Though it contains material from as early as 1990, In Extremis mostly consists of recordings from 1996 to 1998. The music skirts the more challenging end of avant-prog, with good contributions from drummer David Kerman and vocalist Deborah Perry. Thinking Plague is a United States avant-garde progressive rock group founded in 1982 by guitarist/composer, Mike Johnson, and bass guitarist/drummer, Bob Drake. Based in Denver, Colorado, the band has been active off and on since 1982, taking on a number of musicians over the years. They have made six studio albums between 1984 and 2012, and released one live album recorded at NEARfest in 2000…
Thinking Plague has been releasing impossible to categorize albums to a devoted fan-base for over 30 years. In This Life, originally released in 1989, was the group's 3rd album. It is probably their most popular release. It comes back into print for the first time in years in a newly remastered version overseen by the band and making its first-ever appearance on Cuneiform. Thinking Plague is a United States avant-garde progressive rock group founded in 1982 by guitarist/composer, Mike Johnson, and bass guitarist/drummer, Bob Drake. Based in Denver, Colorado, the band has been active off and on since 1982, taking on a number of musicians over the years. They have made six studio albums between 1984 and 2012, and released one live album recorded at NEARfest in 2000. Their music is a mix of rock, folk, jazz and 20th-century classical music. In spite of Johnson's dislike of the term, the band has often been categorized as a "RIO" band.
"Founded 1984 in New York, Adam Yauch of the Beastie Boys recorded A Subtle Plague's first demo. (…) The brothers Simmersbach, Analucia DaSilva, Pat Ryan and changing drummers achieved wide notoriety as one of the best live bands in the U.S. underground (…) Their communal way of touring and devoted fans led to Germany's Rolling Stone magazine calling A Subtle Plague "the Grateful Dead of the '90s"…" ~wikipedia
This 98-minute documentary, written, produced, and directed by Adele Schmidt and José Zegarra Holder of the Washington, D.C. area's Zeitgeist Media, begins and ends at the 2011 Rock in Opposition festival in Carmaux, France, and between those two bookends tells the story of this idiosyncratic movement – or style, or whatever you want to call it – that was birthed in the late '70s and has against all odds persisted on and off to the present day…
Although not released until 2000, the tracks on Eartha Kitt's THINKING JAZZ were recorded at a studio session in 1991 and a German live date in September, 1992, towards the end of Kitt's self-imposed European exile. This is one of Kitt's most straightforwardly jazz-oriented albums, with none of her usual pop and cabaret overtones. The five-piece combo playing behind her-clarinet and tenor saxophone plus rhythm section-is tight and economical, and the arrangements give each member room to stretch out without dissolving into extended jams. Kitt's spectacular voice remains front and center throughout, although the instrumental "God Bless the Child" that provides the link between the studio and live material shows that even without her contributions, this would be a swinging album.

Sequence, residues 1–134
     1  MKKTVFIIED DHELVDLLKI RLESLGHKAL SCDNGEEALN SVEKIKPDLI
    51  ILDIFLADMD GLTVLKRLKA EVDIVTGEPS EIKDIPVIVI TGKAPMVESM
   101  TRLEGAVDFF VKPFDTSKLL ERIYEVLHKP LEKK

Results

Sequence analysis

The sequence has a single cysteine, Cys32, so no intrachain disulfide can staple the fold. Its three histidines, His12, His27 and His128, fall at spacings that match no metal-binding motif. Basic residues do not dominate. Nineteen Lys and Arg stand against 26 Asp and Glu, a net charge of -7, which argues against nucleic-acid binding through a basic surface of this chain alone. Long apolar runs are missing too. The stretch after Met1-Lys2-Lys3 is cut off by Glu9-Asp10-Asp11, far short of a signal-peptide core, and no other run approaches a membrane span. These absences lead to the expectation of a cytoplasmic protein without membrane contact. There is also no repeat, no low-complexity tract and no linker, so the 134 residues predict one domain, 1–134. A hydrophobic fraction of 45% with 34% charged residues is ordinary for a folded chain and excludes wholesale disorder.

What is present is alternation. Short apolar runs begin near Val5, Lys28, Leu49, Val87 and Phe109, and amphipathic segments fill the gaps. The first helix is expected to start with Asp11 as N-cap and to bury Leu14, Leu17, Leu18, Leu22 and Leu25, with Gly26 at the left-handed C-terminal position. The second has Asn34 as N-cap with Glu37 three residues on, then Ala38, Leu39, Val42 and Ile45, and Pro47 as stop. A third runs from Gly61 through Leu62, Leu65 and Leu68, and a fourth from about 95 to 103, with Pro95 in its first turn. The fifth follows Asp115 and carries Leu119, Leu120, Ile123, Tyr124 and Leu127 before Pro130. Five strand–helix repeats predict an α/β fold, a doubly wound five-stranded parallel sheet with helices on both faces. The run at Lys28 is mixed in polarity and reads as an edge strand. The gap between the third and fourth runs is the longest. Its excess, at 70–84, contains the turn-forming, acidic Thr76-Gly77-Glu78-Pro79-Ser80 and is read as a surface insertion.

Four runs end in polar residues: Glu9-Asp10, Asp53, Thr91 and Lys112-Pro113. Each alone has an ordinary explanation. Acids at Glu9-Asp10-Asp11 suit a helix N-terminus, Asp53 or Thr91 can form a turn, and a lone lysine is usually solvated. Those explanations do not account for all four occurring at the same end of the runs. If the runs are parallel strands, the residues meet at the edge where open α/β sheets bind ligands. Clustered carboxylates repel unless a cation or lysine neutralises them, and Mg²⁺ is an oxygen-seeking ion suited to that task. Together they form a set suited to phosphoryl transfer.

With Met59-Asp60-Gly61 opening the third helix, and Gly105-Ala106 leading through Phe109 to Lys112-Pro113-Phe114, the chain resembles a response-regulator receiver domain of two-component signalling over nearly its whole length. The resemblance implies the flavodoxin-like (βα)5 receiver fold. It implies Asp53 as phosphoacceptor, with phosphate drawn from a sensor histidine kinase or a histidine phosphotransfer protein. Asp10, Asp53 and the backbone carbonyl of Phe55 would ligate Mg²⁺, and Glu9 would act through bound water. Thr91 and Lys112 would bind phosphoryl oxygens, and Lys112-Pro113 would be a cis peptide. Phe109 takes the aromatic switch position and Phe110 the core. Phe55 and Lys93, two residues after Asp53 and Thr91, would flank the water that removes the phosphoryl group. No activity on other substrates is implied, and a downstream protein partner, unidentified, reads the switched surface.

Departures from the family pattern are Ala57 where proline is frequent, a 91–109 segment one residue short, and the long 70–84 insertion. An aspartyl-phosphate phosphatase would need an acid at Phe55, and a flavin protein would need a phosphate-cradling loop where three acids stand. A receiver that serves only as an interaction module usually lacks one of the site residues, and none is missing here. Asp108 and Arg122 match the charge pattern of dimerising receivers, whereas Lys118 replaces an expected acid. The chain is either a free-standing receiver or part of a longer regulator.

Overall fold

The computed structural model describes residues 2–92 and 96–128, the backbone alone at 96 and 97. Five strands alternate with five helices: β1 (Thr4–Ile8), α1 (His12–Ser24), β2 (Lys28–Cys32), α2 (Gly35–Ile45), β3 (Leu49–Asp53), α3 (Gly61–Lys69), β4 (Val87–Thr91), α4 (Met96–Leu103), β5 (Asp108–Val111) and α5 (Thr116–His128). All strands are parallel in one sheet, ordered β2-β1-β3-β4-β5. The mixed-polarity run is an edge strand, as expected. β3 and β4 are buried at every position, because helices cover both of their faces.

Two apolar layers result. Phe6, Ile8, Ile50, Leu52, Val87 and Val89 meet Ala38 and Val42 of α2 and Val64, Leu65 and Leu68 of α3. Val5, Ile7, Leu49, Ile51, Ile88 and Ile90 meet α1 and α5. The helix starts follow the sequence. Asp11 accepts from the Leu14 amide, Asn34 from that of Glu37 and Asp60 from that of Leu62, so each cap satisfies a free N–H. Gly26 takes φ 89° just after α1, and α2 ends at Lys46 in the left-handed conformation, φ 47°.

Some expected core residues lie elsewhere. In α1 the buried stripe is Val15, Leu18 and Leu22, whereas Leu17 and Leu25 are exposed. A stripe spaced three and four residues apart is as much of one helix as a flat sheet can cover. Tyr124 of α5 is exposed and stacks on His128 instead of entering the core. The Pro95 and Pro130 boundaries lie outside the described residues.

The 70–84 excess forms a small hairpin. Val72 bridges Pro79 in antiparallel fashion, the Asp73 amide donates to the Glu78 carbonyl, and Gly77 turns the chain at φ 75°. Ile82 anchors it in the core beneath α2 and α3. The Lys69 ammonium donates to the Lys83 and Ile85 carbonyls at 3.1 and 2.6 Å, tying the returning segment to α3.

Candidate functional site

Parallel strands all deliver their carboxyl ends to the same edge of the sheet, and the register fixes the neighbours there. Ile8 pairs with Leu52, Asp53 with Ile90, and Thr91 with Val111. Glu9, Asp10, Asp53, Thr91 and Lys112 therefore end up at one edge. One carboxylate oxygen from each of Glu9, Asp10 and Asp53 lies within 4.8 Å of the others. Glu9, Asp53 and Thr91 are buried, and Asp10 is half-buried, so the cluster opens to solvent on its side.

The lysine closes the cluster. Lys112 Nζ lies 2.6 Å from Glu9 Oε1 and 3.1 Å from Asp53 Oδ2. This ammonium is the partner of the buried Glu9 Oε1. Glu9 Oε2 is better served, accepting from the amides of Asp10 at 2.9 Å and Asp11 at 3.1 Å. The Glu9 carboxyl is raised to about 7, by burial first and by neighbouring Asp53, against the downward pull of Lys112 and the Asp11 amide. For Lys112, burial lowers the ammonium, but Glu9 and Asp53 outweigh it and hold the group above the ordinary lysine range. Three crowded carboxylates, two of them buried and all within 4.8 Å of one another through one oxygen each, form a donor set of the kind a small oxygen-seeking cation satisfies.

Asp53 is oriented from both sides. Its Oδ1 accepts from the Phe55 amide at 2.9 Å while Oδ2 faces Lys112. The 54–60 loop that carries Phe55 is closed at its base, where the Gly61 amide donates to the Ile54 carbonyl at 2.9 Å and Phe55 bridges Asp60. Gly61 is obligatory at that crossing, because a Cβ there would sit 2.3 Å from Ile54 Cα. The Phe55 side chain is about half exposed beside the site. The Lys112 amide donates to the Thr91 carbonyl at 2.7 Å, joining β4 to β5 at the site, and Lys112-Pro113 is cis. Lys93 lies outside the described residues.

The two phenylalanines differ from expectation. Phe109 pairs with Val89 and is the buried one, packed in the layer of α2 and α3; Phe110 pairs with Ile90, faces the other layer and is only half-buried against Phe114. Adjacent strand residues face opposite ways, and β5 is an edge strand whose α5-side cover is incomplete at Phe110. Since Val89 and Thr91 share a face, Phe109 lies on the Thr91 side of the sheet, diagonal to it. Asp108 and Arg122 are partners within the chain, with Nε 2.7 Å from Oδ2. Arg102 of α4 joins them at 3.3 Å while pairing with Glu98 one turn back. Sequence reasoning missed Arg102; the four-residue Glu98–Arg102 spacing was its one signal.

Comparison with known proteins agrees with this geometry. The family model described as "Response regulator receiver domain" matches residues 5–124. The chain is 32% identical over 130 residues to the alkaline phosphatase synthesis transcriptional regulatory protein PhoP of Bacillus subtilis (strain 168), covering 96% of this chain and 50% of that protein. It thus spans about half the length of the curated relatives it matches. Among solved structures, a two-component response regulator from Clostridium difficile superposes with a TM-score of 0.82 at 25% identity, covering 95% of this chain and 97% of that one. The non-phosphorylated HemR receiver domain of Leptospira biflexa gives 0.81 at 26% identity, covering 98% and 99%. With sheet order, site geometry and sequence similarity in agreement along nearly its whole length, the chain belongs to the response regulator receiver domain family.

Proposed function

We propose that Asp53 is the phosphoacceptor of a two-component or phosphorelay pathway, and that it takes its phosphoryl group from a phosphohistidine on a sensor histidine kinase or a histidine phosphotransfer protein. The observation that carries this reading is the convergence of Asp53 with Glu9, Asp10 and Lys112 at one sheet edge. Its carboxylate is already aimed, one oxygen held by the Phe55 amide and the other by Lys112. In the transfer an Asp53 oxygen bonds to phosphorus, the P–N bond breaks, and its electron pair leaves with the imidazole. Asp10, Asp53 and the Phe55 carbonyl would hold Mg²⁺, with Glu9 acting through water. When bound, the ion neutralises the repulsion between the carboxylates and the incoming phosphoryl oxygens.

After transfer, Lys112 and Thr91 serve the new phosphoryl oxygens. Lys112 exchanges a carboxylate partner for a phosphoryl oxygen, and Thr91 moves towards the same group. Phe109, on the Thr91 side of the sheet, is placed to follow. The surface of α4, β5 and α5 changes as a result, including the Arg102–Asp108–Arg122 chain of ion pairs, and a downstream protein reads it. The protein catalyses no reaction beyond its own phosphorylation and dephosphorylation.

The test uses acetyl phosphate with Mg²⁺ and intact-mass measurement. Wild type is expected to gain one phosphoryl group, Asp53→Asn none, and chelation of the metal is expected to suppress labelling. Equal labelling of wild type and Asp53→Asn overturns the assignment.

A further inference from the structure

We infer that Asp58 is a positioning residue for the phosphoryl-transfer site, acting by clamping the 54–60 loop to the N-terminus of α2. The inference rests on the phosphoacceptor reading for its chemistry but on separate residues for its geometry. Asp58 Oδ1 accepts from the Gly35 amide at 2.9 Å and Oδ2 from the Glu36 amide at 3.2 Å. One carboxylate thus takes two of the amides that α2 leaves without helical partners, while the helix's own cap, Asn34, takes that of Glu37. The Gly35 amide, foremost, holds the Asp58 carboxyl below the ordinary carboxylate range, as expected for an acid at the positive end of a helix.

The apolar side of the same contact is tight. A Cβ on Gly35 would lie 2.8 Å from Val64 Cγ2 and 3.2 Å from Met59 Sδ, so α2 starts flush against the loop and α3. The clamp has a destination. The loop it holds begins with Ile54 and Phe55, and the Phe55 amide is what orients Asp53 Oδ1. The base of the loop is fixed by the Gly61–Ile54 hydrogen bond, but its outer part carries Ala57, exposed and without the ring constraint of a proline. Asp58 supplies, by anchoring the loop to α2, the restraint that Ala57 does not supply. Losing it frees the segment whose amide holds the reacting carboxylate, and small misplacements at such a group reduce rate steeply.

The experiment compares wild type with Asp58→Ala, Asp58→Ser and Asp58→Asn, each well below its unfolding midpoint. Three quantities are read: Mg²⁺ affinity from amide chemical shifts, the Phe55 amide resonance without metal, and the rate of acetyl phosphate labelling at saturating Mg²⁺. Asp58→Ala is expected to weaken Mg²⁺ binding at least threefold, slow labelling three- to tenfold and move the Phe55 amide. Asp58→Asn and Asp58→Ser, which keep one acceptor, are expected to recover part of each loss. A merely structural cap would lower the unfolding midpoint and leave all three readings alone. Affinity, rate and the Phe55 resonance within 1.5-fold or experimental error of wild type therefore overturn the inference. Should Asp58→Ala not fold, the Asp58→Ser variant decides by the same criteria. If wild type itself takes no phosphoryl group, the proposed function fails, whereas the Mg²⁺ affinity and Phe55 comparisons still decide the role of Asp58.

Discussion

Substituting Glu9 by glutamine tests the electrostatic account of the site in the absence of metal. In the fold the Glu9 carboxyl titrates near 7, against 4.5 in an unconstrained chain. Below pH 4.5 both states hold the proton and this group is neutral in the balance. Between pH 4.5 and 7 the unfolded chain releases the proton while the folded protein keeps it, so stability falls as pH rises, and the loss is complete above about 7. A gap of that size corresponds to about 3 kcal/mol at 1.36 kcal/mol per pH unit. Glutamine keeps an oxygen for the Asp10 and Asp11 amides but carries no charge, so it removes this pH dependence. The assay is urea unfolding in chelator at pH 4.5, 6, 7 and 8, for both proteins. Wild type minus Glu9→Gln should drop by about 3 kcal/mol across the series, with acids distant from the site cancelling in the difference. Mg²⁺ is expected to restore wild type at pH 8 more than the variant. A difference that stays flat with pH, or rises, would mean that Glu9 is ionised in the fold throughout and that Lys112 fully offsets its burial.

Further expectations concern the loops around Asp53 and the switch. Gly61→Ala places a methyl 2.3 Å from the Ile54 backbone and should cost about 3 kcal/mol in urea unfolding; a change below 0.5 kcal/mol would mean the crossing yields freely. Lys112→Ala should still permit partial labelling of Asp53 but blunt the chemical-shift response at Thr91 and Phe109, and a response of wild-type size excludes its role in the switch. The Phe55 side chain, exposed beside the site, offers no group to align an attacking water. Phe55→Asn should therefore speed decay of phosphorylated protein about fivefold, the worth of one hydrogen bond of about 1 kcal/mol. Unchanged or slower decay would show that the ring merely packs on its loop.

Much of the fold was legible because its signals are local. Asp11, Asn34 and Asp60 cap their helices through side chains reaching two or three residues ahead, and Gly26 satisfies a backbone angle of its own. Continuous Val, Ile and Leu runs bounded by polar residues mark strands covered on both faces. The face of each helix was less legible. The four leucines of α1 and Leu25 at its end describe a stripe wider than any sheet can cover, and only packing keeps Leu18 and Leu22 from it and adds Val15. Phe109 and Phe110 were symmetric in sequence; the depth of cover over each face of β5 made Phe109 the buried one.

Reissue with the latest remastering and the original cover artwork. Comes with a description written in Japanese. West coast meets Dutch jazz – in this sweet set that features Bob Cooper on tenor and Conte Candoli on trumpet – both musicians who rose to fame in the LA scene of the 50s, but who still stand plenty strong here with the trio of Rein DeGraaff in the 90s! Cooper and Candoli continued to play often over the years – even after both had lost the opportunity to record much as leaders – and the musicians are in fine form here, with strong backing from Rein's trio that also features Koos Serierse on bass and Erik Ineke on drums.
Frank Rosolino, one of the most fluent of the bop trombonists to emerge during the 1950s, is heard really stretching out on this live double-CD, recorded two years before his death. Originally, this was a four-song LP, but in this reissue, the set has been expanded to a 12-song double-CD. Rosolino is joined by Canada's best (guitarist Ed Bickert, bassist Don Thompson, and drummer Terry Clarke) for a variety of veteran jazz standards including "Sweet and Lovely," "I Thought About You," "I Should Care," and Charlie Parker's "Bluebird." Although the tempos are mostly slower, the music has its fiery moments and Rosolino is heard throughout in excellent form.
Freehand is almost a forgotten american prog band that release a single album in fall of 1989. Recorded during 1988, summer, this album has some traces of King Crimson (Discipline era) and here and there some jazz hints aswell. Anyway the musicianship is strong delivering some very fine moments like: Mastodon (one of the pieces with voice), are some instrumental here as well, title track - Thinking Out Loud is another example of good prog music of the late '80's.